Arab Countries Pledge Aid as Tunisia Struggles with COVID Pandemic

A man receives a coronavirus disease (COVID-19) vaccine at a vaccination centre in Tunis; Tunisia; April 26; 2021. Picture taken April 26; 2021. REUTERS/Jihed Abidellaoui

Several countries promised to help Tunisia fight the coronavirus on Friday as the north African country recorded its highest daily death toll since the pandemic began; putting its health care system under severe stress and depleting oxygen supplies.

President Kais Saied said in a statement that Saudi Crown Prince Mohammed bin Salman had pledged to send vaccinations and whatever medical equipment Tunisia needed; reported Reuters.

Libya also pledged to send medical aid; the president’s office said in a separate statement. Officials and local media said that Kuwait; Turkey and Algeria had promised to help.

Qatar had already sent a military plane with a field hospital on board; including 200 medics and 100 respirators.

After successfully containing the virus in the first wave last year; Tunisia is now grappling with a rise in infections.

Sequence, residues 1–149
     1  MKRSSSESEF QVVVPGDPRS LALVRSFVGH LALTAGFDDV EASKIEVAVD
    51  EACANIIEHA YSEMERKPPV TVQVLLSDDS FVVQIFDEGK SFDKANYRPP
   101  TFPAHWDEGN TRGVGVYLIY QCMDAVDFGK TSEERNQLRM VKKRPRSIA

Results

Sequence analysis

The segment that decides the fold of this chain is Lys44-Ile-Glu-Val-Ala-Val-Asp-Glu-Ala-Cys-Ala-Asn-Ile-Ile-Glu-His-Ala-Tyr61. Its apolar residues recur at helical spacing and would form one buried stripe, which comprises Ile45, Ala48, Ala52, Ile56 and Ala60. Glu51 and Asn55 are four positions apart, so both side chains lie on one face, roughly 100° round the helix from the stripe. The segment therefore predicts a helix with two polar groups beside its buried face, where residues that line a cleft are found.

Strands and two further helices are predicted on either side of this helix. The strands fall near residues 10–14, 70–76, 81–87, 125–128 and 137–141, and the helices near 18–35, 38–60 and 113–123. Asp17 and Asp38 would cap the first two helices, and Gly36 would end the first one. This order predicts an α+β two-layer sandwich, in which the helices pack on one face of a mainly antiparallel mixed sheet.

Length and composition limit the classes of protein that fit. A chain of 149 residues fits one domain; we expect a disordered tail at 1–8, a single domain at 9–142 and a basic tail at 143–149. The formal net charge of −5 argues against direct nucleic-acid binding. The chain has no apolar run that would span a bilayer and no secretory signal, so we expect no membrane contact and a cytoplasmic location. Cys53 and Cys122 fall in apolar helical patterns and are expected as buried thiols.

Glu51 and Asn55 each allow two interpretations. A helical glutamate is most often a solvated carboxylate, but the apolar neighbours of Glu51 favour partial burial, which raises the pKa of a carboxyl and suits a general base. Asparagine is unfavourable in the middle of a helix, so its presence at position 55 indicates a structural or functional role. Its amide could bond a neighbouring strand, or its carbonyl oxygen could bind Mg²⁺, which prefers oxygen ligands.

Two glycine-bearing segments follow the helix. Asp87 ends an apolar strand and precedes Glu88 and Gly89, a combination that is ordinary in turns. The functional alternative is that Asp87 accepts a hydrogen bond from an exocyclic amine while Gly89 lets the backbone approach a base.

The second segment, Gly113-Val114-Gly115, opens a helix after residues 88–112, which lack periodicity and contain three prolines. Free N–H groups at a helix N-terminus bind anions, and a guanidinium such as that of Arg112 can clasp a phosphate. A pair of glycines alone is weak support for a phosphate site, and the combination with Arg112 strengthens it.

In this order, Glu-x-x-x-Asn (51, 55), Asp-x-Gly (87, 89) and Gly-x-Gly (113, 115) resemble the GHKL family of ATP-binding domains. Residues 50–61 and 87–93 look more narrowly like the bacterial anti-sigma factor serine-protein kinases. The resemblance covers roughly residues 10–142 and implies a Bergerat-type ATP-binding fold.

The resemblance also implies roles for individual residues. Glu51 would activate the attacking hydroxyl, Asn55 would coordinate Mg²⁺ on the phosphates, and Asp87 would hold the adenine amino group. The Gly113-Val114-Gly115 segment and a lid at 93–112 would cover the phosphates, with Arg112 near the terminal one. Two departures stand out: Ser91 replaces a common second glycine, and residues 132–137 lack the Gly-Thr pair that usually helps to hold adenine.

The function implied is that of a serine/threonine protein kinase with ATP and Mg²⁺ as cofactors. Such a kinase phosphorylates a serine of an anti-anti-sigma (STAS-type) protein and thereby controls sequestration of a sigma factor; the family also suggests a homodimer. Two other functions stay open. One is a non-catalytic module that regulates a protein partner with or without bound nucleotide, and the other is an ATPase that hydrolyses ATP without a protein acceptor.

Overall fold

It imposed a lockdown in some cities starting last week; but rejected a full national lockdown over concerns about the impact on the economy.

A catastrophic situation

Tunisia recorded 189 deaths on Friday; the highest daily toll since the pandemic began last year. It reported 8;500 new coronavirus cases.

“We are in a catastrophic situation … the health system has collapsed; we can only find a bed in hospitals with great difficulty;” health ministry spokesperson Nisaf Ben Alaya said.

“We are struggling to provide oxygen … doctors are suffering from unprecedented fatigue;” she said. “The boat is sinking.”

The total number of coronavirus cases so far in Tunisia has climbed to around 480;000; with more than 16;000 deaths.

Vaccinations lag far behind other countries. So far; only 715;000 people have received two doses out of a total of 11.6 million residents.

The president’s office said last week that the United States pledged to donate 500;000 vaccination doses.